Stopover in Copenhagen

Mr. Ajay Mathur is Director General of the Bureau of Energy Efficiency, Government of India, and was a Member of the Indian Delegation to CoP-15. This is his personal opinion.

Road to Copenhagen

The 15th Conference of the Parties (CoP 15) of the United Nations Framework Convention on Climate Change (UNFCCC) was held in Copenhagen from the 7th to the 18th of December, 2009. At this CoP, agreements were to be finalised in two sets of parallel negotiations. One set of negotiations, carried out in the Ad hoc Working Group on the Kyoto Protocol (KP), was seeking agreement on the developed country GHG emissions reduction commitments in the second commitment period of the Kyoto Protocol, i.e. beyond 2012. The second set of negotiations, carried out in another Ad hoc Working Group, originated from the decision at CoP13 in Bali in December, 2007 to develop a new Long-term Cooperative Agreement (LCA), in parallel with the KP. The Parties decided, in the Bali Action Plan (BAP), that the LCA would address inter alia: Mitigation commitments by developed country-Parties; mitigation actions by developing country-Parties; adaptation actions; and financing, technology and capacity-building support for developing country-Parties to undertake mitigation and adaptation action.

Two Weeks in Copenhagen

During the course of the negotiations over the past two years, and especially by the seventh negotiating session in Bangkok in October 2009, it was clear that differences between Parties were large. In Copenhagen, the Parties continued to focus on reaching an agreement through a “bottoms up” approach, driven by negotiations based on text and ideas provided by Parties. However, the political differences between the Parties remained intractable, and agreement was elusive both at the official-level meetings and the ministerial-level meetings during the two-week period.

During the last two days of CoP, over a hundred Heads of State of governments gathered in Copenhagen. During this period, there was a strong effort by the Danish PM (as President of CoP) to negotiate an agreement, based on a text prepared by him, in discussions with a select group of countries. The discussions on the text went on down-to-the-wire, and then about 18 hours beyond that. An accord based on the President’s text (now called the Copenhagen Accord) was negotiated between select heads of states/governments in a number of plurilateral meetings, including an important one between the US President and the BASIC leaders (Prime Ministers of China & India and Presidents of Brazil and South Africa). This Accord was negotiated in the expectation that it would be adopted by the CoP as a whole.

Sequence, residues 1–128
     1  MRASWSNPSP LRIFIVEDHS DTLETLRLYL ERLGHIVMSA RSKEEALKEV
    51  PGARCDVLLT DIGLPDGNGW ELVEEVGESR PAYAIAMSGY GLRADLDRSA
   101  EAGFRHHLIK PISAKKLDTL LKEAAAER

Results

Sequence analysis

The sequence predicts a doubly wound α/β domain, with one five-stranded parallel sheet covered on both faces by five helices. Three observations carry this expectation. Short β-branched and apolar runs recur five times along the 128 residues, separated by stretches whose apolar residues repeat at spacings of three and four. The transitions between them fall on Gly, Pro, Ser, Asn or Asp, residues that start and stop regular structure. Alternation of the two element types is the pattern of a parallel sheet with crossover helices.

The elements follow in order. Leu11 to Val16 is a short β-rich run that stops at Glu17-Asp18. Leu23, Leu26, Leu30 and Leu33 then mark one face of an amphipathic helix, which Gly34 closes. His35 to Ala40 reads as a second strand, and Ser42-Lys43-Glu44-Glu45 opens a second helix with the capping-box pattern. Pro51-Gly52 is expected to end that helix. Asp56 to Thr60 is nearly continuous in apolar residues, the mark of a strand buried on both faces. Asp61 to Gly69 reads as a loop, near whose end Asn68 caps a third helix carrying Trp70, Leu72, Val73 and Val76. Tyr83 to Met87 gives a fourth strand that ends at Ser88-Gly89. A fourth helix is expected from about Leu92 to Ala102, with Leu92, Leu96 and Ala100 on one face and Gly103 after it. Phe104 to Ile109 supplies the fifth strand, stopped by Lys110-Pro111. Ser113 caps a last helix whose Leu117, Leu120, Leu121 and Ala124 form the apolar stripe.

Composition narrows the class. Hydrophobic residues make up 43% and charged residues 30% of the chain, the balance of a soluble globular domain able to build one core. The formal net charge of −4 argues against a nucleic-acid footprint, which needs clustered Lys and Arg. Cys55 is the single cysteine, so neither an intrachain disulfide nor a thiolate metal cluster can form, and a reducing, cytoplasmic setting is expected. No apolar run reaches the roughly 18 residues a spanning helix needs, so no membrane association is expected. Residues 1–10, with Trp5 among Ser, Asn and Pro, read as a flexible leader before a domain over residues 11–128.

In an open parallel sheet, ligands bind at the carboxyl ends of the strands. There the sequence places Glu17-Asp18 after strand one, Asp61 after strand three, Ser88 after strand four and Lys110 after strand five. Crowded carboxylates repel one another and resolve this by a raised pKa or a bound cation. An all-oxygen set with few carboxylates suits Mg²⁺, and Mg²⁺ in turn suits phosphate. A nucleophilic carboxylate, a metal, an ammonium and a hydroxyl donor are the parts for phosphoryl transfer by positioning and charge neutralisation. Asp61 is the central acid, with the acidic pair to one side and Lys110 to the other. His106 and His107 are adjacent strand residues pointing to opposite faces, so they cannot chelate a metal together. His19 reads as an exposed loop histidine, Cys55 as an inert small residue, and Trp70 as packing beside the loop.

However, when this Accord was presented to the CoP, a number of countries raised objections to the “non-inclusive” manner in which the Accord was negotiated, and to its content. Since CoP decisions require unanimity, and unanimity was not forthcoming, the Accord was not adopted by the CoP, but only “noted” by it[1]. The CoP also decided to continue with the ongoing negotiations on the LCA and the KP and conclude them at the next CoP to be held in Mexico City from November 29 to December 10, 2010.  Consequently, at the very least, the unfinished negotiations on all the issues of the Bali Action Plan (BAP), and on the second commitment period of the KP, will continue.

The “noting” of the Accord presents a unique legal conundrum. The UNFCCC Secretariat has clarified that, “…its provisions have no legal standing within the UNFCCC process even if some Parties decide to associate themselves with the Accord”[2].  Consequently, the formal relationship between the Accord and the to-be-resumed negotiations is not clear. The Accord is, at best, an expression of intent of some Parties who can be expected, despite its rejection by some other Parties, to promote it as the high-level framework within which the agreements reached in the to-be-resumed negotiations on the various issues (mitigation, adaptation, financing, technology, etc.) of the BAP would be fitted in.